August 2014
Volume 14, Issue 10
Free
Vision Sciences Society Annual Meeting Abstract  |   August 2014
The Topographic Organization of Scene-Selective Regions in the Human Brain is Closely Linked to the Statistical Properties of the Image
Author Affiliations
  • David Watson
    Department of Psychology, University of York, UK
  • Tom Hartley
    Department of Psychology, University of York, UK
  • Timothy Andrews
    Department of Psychology, University of York, UK
Journal of Vision August 2014, Vol.14, 1088. doi:10.1167/14.10.1088
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      David Watson, Tom Hartley, Timothy Andrews; The Topographic Organization of Scene-Selective Regions in the Human Brain is Closely Linked to the Statistical Properties of the Image. Journal of Vision 2014;14(10):1088. doi: 10.1167/14.10.1088.

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      © ARVO (1962-2015); The Authors (2016-present)

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Abstract
 

Scene-selective regions play a key role in the perception and recognition of the visual world. However, the principles that govern the topography of these regions have not been fully resolved. In this study, we directly compare the relative importance of low-level image properties and high-level scene category on the organization of scene-selective regions. fMRI responses were measured while 24 participants viewed images of two categories of scene: indoor and natural. Images of scenes were filtered in spatial frequency to generate four stimulus conditions: (1) indoor, high-pass; (2) indoor, low-pass; (3) natural, high-pass; (4) natural, low-pass that were presented in a blocked design. Scene-selective regions were defined in a localizer scan by comparing the response to intact and scrambled scenes. Scene-selective regions included the PPA, RSC and TOS. The patterns of response to each of the four conditions were compared using correlation based MVPA. Our prediction was that if high-level categorization is important, then the pattern of response to conditions that have the same category should be higher than to conditions that contain the same spatial frequency. On the other hand, if low-level image properties are important, the pattern of response to conditions with the same spatial frequency should be higher than to conditions with the same category. Using multiple regression, we found that both image properties and scene category were found to explain a significant proportion of the variance in the patterns of neural response. However, a significantly greater proportion of the variance in neural response was accounted for by the image properties. These results suggest that the topographic organisation of high-level visual regions is tightly coupled to low-level properties of the image.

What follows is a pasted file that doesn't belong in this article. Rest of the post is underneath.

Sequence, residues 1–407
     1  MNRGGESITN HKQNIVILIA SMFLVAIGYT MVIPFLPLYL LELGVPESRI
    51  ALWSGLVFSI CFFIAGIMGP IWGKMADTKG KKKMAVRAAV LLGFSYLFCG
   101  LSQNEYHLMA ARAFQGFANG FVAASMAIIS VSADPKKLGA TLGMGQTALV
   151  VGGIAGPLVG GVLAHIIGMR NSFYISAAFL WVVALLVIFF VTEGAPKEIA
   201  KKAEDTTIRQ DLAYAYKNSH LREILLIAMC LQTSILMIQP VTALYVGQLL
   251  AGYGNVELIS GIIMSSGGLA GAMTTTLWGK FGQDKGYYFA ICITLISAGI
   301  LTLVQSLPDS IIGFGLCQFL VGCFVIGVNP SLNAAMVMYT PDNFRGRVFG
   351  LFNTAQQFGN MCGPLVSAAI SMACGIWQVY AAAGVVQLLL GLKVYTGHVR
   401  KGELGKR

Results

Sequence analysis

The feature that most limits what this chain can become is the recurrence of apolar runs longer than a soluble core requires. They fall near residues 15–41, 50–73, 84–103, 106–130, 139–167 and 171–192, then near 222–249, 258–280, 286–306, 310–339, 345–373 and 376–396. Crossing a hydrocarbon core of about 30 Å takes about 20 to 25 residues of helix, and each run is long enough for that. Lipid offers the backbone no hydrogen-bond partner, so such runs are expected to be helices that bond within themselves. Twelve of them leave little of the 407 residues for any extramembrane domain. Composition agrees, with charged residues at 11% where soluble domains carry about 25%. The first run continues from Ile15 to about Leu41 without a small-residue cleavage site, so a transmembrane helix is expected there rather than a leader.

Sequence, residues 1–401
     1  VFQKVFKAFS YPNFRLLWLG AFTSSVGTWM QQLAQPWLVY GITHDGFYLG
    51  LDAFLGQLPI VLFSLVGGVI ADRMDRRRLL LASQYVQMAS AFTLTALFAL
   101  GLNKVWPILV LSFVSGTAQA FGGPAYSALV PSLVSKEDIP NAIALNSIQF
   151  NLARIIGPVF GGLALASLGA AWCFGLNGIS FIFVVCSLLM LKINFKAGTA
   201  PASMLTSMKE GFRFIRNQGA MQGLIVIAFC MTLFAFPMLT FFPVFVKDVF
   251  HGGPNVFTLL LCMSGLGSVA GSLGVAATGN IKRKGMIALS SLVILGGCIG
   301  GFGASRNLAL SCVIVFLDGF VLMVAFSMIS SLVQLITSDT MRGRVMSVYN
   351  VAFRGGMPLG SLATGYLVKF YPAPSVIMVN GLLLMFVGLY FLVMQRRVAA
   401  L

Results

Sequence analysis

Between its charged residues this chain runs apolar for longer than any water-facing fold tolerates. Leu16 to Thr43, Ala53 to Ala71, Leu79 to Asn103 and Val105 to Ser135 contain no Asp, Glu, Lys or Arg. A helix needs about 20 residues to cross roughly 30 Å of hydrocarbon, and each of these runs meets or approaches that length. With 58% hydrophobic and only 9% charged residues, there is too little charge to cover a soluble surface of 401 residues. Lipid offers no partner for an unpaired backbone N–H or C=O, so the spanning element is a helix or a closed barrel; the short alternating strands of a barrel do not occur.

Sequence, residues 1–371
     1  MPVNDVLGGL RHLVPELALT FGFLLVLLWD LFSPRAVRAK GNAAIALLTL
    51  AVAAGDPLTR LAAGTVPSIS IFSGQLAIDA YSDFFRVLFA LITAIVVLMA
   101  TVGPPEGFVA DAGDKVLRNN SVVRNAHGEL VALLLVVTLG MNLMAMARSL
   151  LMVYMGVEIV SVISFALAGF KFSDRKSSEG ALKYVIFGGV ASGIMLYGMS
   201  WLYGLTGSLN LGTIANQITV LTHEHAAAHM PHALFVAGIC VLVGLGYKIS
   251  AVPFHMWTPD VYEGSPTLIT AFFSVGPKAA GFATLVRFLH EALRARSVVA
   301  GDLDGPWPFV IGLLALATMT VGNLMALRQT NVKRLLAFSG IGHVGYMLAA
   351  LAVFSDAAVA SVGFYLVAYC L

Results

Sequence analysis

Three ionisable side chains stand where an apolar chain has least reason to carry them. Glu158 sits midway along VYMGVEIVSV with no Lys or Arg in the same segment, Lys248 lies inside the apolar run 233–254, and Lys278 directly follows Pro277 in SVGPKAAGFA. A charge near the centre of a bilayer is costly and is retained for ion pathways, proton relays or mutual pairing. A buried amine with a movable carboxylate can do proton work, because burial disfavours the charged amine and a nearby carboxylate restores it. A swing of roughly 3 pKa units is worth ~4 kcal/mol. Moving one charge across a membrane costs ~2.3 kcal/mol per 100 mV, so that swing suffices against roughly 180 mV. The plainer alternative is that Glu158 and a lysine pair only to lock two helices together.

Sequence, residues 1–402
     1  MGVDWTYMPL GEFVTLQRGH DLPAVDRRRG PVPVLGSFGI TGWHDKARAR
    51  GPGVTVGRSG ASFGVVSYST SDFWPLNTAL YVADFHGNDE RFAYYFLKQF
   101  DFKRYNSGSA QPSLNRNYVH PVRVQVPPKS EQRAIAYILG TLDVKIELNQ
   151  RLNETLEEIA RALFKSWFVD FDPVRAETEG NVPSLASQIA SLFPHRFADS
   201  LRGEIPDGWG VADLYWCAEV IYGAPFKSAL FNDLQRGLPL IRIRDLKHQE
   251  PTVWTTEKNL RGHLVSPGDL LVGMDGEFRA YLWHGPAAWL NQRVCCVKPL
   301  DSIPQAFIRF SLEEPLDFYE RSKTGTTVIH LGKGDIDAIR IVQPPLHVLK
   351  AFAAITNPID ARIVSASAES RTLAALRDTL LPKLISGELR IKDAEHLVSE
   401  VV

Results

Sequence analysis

Meeting abstract presented at VSS 2014

 
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